Some people mistakenly assume that writing for children is simple.
Multi-published children’s author, Diane Stortz, disabuses us of that notion. Writing for children is every bit as challenging – and rewarding – as writing for adults.
In today’s episode, Diane shares the secret to her success:
Think about books as products.
“Most writers think about their story or their message,” says Diane. And that’s important. But we also “want to write books that sell. We want to write important books that matter.”
That means doing lots of preliminary research:
- What kinds of children’s books are popular?
- What isn’t being published that needs to be published?
- Why would anyone buy my book?
- Who is it for?
- What is the strong hook that gives my book structure?
Only after you answer those questions are you ready to develop a book proposal and begin writing your book.
“By the time I sit down and write, I know exactly what the parts and pieces are for every story” (that will go in my book), adds Diane.
As the author of picture books, board books, Bible storybooks, and devotions for children – not to mention years of experience working at a publishing house as a children’s book editor, in-house author, and acquisitions editor – Diane knows children’s publishing from the inside out.
During our chat, Diane shares how her lifelong love of reading and books began when she was in first grade and continued through high school journalism and college, where she majored in journalism.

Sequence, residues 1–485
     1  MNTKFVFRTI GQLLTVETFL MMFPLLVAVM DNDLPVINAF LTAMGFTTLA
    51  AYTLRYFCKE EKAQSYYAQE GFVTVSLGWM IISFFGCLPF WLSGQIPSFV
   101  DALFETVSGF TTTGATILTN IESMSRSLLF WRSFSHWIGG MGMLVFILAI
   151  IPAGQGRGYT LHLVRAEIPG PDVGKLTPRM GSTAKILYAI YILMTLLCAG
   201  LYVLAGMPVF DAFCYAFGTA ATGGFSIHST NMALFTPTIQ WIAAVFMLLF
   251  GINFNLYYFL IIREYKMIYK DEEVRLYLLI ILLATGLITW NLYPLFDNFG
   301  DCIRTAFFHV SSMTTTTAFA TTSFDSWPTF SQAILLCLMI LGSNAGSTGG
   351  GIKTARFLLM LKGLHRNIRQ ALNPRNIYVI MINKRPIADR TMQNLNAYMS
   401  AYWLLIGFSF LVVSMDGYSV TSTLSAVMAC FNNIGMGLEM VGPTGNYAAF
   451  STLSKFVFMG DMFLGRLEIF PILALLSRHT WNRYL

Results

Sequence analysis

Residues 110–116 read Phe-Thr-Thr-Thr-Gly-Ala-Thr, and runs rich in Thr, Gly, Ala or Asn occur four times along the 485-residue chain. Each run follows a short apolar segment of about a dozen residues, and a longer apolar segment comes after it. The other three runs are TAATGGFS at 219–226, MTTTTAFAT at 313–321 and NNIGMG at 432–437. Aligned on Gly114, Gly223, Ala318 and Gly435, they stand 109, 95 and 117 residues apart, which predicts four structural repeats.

Like many college students, Diane realized her senior year that she was “not cut out to be a hotshot reporter.”
After graduation, she began working at Standard Publishing, developing a new Sunday School curriculum for two- and three-year-olds. That was the beginning of a long and “storied” career focused on writing for children.
In this information-packed episode, you’ll learn:
- How to find and shape a new idea
- The problem with picture books in the Christian market
- Why picture book authors need the ability to think in pictures
- The critical role an illustrator plays in creating a children’s book
Diane also recommends seven things prospective children’s writers should do to get started:
1. Read widely in children’s books.
2. Write. “You don’t have to start by writing a book,” advises Diane. Practice by writing for children’s magazines. (In addition to writing books, Diane reviews Christian children’s books on her blog.)
3. Attend conferences to learn the craft, the industry, and to network with agents, editors, and other writers. “Go to more than one conference,” she urges. “It helps agents and editors see you as someone who’s committed to the craft and is in it for the long haul.”
4. Learn on your own. A treasure trove of resources is available online.
5. Join a critique group, as well as organizations for children’s writers:
6. Educate yourself on platform building, marketing, websites, newsletters, blogging, and social media marketing.
7. Most importantly: Be patient. Be consistent. Do the work.
About Diane Stortz
Diane Stortz is a multi-published author with books for children and adults published by Tommy Nelson, Zonderkidz, Bethany House, and IVP.
She has experienced both sides of the publishing world, having also served as an editor, acquiring editor, and editorial director during her career with Standard Publishing in Cincinnati, Ohio.
Diane and her husband have two married daughters and five grandchildren—all boys!
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